SOMETIMES articulating an ambition too early only exposes it to ridicule.
Gordon Strachan has previously been circumspect about what can be expected from the group of players he has at his disposal, but after the last couple of performances against Croatia and England he has clearly seen enough to pin his colours to the mast. The task in hand will be affected hugely by how the draw pans out at the Palais des Congres Acropolis in Nice next February but the Scotland manager is emboldened enough to feel that qualifying for the 24-team finals in France 2016 is a legitimate aspiration.
"I can see us qualifying for the European Championships," Strachan said as he looked ahead to Friday's meeting with Belgium.
"I think as a nation we have got a certain amount of really, really good players and if they stay fit then we have got a chance. If they don't, then we have to rely on team spirit, getting together, what we've already tried to do in the last couple of months."
Having said that, even such a modest ambition appeared ridiculous not long into Strachan's first competitive match in charge of his country, the meeting with Wales at Hampden in March.
"I've got to say that's the worst opening 25 minutes I have ever been involved with in my footballing career," he admitted.
"We watched a video of it afterwards and all the mistakes and I said: 'Listen, it gets worse, honestly, wait till you see this, you actually make a worse mistake then he does!'. There's people trying step-overs and falling on their faces. It really was horrendous, as bad as it gets.
"Then the next day because it was snowing, me, Mark [McGhee] and Stuart [McCall] had to go and clear with shovels, 40 yards by 40 yards, to train on. I thought: 'It doesn't get any worse than this. I haven't slept, I am shovelling snow around here for players who can't pass the ball to each other on grass, what I am doing? I could be sitting in a TV studio now, slaughtering people!'"
Although Scotland's hopes of reaching Brazil next summer have long since evaporated, Strachan's renewed sense of optimism also applies to the forthcoming double header. After Belgium at Hampden comes a trip to Skopje to take on Macedonia, but the former Celtic boss feels it is realistic to target six points.
"I want to win the next two games," said Strachan. "But it will be a test because Belgium are a top side."
Scotland's hopes of hurting the team which won 2-0 in the previous meeting between the two teams in Brussels last October are boosted by the absence of injured first-choice central defensive pairing Vincent Kompany and Thomas Vermaelen.
But with Tottenham's Jan Vertonghen and veteran Bayern defender Daniel Van Buyten - scorer of a crucial late equaliser between the teams at Hampden in March 2001 - likely to step in, Strachan knows Scotland will have to scheme their way to goal. "What you can't do is just throw in balls left, right and centre into the box because they are giants," he said.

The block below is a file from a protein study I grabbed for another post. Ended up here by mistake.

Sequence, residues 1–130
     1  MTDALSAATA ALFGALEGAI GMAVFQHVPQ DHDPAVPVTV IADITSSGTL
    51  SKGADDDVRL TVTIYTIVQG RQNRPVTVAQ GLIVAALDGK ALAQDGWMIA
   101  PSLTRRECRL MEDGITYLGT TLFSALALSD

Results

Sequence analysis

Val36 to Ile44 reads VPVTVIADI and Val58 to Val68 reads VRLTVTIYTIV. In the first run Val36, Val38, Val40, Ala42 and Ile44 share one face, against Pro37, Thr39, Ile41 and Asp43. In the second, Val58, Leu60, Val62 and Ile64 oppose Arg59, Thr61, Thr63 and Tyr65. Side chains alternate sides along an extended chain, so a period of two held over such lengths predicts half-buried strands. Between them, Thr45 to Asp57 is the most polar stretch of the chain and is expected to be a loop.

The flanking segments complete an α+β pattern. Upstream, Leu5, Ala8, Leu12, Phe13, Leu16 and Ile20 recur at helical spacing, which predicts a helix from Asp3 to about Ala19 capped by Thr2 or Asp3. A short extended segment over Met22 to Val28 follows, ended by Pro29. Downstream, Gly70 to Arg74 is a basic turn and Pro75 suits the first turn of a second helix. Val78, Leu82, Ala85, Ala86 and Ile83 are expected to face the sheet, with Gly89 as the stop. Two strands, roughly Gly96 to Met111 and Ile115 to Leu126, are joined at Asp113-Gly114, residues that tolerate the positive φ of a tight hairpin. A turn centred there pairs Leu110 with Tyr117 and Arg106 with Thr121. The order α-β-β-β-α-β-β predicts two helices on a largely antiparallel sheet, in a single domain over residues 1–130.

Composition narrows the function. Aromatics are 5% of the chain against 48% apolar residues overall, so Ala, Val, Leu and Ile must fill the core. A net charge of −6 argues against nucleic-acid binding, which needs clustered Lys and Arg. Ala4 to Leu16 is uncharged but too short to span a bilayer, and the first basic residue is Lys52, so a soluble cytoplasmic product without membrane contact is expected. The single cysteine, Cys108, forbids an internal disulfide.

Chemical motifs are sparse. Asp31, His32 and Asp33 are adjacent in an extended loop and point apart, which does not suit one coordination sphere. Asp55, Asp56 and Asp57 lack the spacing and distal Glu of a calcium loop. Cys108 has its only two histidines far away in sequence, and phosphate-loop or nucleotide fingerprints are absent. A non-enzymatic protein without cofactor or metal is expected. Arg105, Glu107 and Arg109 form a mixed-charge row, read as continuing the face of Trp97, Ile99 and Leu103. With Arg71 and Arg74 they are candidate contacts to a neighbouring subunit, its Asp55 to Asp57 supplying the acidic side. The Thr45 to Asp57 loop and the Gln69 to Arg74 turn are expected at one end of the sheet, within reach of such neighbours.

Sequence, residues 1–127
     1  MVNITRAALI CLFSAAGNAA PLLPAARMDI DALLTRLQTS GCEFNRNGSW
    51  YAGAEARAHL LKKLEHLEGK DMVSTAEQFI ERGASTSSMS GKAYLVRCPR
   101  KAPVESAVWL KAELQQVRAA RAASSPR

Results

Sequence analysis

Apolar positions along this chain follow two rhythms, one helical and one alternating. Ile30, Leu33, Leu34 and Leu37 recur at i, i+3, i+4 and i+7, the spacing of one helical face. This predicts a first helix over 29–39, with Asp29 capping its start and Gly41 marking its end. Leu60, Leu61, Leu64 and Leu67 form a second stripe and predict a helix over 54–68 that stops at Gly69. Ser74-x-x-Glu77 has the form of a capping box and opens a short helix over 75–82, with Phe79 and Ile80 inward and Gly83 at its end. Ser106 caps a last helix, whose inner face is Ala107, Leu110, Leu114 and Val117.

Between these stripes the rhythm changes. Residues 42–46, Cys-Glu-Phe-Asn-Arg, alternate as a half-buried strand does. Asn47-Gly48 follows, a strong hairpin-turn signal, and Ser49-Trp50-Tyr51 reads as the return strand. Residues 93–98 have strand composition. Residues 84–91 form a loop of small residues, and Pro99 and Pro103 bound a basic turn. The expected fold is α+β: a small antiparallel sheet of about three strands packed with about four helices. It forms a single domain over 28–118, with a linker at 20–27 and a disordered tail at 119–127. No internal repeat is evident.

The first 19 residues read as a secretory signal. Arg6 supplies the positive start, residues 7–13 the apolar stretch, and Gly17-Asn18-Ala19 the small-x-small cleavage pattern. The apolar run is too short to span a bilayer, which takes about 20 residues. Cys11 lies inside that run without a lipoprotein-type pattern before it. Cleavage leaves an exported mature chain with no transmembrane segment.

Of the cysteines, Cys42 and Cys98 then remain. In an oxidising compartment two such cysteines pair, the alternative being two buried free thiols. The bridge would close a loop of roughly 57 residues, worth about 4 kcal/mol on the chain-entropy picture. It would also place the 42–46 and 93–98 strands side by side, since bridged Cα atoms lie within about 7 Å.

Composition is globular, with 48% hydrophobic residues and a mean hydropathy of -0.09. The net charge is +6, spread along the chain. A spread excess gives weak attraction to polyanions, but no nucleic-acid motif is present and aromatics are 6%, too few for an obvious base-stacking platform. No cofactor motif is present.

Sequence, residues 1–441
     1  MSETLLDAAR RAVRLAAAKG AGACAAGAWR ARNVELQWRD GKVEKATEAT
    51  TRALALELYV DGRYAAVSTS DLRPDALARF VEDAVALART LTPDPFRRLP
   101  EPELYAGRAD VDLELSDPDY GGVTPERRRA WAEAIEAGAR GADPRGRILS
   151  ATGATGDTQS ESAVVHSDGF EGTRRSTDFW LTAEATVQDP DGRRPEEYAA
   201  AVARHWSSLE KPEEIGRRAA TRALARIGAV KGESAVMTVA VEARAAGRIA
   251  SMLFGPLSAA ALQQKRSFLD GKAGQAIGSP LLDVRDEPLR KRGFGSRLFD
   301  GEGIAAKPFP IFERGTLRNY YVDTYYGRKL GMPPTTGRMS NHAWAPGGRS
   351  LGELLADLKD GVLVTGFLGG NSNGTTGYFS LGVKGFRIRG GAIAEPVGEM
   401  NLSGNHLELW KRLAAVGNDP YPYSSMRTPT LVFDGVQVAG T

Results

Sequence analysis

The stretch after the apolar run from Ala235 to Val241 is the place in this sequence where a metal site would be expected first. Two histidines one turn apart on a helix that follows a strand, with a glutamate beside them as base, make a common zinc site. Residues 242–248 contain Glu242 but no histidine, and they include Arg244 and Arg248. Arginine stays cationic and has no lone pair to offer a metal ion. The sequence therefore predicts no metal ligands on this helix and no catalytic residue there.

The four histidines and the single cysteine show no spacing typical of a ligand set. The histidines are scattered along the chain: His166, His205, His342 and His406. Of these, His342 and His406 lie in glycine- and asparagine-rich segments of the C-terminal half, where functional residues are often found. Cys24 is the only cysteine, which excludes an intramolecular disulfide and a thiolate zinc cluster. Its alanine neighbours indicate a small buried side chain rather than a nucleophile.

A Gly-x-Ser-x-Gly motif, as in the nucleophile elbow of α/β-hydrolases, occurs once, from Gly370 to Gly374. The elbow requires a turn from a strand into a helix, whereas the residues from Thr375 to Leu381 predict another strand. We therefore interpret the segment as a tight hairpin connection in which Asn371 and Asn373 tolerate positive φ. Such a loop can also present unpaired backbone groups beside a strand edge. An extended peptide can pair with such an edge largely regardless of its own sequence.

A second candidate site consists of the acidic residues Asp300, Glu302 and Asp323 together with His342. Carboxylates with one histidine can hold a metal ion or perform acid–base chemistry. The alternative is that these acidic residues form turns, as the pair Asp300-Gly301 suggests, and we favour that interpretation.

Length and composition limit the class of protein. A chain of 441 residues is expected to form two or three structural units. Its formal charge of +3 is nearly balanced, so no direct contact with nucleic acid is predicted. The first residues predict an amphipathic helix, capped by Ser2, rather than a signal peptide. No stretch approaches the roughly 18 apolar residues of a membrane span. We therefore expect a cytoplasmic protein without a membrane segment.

While Strachan believes he can call upon a core of "really good" players, the Belgians are something else entirely. Suddenly, the lowland nation can boast strength and depth of exceptional players at big clubs all across Europe - a cast list headed by Chelsea's Eden Hazard, Kevin de Bruyne and Romelu Lukaku, Vertonghen and Nacer Chadli of Tottenham, Marouane Fellaini of Everton and Christian Benteke of Aston Villa. Their Golden Generation has already reached 10th in the Fifa world rankings, even if Strachan feels their emergence had an accidental quality.
"If you ask the people in Belgium, they don't know what happened," he said. "Some will come spouting, like the geezer at Shakhter Karagandy this week, saying we had a plan and all that, but sometimes a group of players can just come together at the same time."
With Steven Fletcher still not deemed fit enough to play for Sunderland, Strachan faces some intriguing selection dilemmas at either end of the field. In goal, David Marshall seems likely to deputise for the suspended Allan McGregor while up front he has four strikers - Leigh Griffths at League One Wolves, Jamie Mackie of Nottingham Forest, Ross McCormack of Leeds United and Blackburn's Jordan Rhodes - battling it out for what may be a solitary role.
This has been a good week for the Scotland boss, with Celtic's qualification meaning further Champions League exposure for Scott Brown, James Forrest and Charlie Mulgrew, even if he wishes more Scottish-qualified players occasionally had the chance to benefit.
"It's a terrific thing for Scottish football," he said. "But it's only really Charlie Mulgrew, Scott Brown and James Forrest who are going to get that competitive European football."
The Scotland boss, who is close to announcing a home friendly against USA at Hampden in November, also had further reflections on the 3-2 friendly defeat to England. "I got to a point where I went: 'Do us a favour, don't tell me I was unlucky anymore'," he said.
"It was concentration, it was nothing to do with luck. I had to explain that to somebody after about the 300th time. It wasn't like the ball was rolling towards the goal and a dug came along and stopped it on the line. That's bad luck."